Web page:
FAQs / What wood is best to use around swimming pools?

Outdoor/Indoor decking

The main issues are:

  • Durability
  • Slipperiness
  • Splinters
  • Colour – fading, discolouration, ultraviolet effects, mould growth

New Zealand grown species that could be considered are:

  • Radiata. Must be treated to H3 or H4. CCA is the only commonly available treatment that will achieve sufficient durability. An alternative to CCA would be ACQ or Cu-azole treatment but may be hard to find. (Timber treatment companies such as Osmose or Arch should be able to advise on availability.)
  • Macrocarpa. Does not need treating, otherwise similar to radiata. Note: macrocarpa can be unreliable where it is fully exposed to the weather, i.e., a few pieces are likely to fail or need replacement within the 15-year minimum durability requirement.
  • Eucalypts. These are mostly durable hardwoods. The Eastern Blue Gum group: (E saligna and E. botryoides) and the Stringybark group: (E. muelleriana, E. globoidea, E. eugenoides, E. microcorys, E. pilularis) are most suitable for decking.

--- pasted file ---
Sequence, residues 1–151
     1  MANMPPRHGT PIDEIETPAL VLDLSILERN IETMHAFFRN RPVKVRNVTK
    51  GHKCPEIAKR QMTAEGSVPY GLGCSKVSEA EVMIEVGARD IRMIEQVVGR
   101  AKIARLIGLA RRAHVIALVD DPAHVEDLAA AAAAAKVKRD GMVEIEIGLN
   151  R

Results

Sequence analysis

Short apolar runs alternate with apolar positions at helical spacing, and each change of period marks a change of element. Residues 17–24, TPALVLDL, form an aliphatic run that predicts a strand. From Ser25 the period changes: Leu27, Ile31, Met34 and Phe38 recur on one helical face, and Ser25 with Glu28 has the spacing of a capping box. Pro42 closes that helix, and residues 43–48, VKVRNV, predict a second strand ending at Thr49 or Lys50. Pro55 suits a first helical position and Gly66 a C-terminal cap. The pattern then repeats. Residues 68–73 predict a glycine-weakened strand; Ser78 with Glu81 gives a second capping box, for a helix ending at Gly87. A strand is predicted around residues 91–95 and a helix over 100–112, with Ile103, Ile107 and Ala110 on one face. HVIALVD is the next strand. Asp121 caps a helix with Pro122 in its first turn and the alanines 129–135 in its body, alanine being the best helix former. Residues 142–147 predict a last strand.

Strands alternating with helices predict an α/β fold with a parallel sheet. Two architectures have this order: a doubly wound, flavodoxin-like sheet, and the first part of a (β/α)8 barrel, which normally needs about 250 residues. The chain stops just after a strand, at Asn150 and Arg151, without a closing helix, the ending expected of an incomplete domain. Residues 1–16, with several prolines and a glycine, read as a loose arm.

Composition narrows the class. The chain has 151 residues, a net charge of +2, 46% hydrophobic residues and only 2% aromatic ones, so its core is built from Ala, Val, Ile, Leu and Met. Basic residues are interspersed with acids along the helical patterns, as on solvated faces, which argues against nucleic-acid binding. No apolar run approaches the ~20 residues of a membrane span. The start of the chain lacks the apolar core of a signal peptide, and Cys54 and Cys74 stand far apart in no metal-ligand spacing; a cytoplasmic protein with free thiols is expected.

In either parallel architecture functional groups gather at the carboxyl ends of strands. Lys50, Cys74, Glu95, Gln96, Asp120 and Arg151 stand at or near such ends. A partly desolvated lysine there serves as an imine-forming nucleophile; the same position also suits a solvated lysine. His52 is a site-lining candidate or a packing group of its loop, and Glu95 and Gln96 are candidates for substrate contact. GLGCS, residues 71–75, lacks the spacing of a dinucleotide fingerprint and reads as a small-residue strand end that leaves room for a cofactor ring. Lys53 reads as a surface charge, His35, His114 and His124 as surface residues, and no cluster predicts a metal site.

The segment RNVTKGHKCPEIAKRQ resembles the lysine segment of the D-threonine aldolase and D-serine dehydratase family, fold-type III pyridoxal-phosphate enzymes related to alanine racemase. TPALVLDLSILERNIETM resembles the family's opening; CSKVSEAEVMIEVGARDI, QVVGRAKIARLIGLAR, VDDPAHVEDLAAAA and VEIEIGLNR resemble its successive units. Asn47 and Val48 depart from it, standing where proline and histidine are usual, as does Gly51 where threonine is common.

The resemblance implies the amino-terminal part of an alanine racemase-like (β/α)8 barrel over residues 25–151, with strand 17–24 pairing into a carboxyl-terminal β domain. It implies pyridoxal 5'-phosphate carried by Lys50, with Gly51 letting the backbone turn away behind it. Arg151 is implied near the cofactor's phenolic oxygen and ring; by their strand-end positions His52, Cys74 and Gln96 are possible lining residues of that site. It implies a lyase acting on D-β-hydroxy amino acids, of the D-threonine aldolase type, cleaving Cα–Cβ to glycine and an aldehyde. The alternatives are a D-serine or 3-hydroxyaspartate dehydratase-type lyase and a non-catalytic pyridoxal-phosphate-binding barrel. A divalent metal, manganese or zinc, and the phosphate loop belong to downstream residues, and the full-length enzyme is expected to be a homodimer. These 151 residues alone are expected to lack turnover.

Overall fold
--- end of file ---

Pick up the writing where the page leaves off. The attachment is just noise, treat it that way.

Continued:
• The heartwood of all the blue gum and stringybark species are durable in ground contact, lasting 15 to 25 years in ground contact and up to 40 years out of ground contact, giving an equivalent durability of H3.2.

General issues:

Permanently shaded areas will become slippery so regular maintenance (waterblasting) is needed. Decking is usually grooved to reduce slipperiness. A surface coating of high built glassfibre-reinforced epoxy coating will overcome most of these problems. Screw fixing may be preferable to nail fixing although decking nails are resistant to popping. All timber is porous so will allow mould to penetrate and cause discolouration.

Wall linings for indoor pools

Durability is less of an issue with indoor pool wall linings. There is no danger to the wood from chlorinated water.  It does not damage the wood and acts as a mild preservative. There will be discolouration though, as with any wood if it gets splashed.
Commonly available timber options would include pinus radiata, Douglas fir and macrocarpa. New Zealand-grown eucalypts could also be considered, or indigenous timber such as beech where a high end finish is desired.

Posted in: Buyers Guide, Using Wood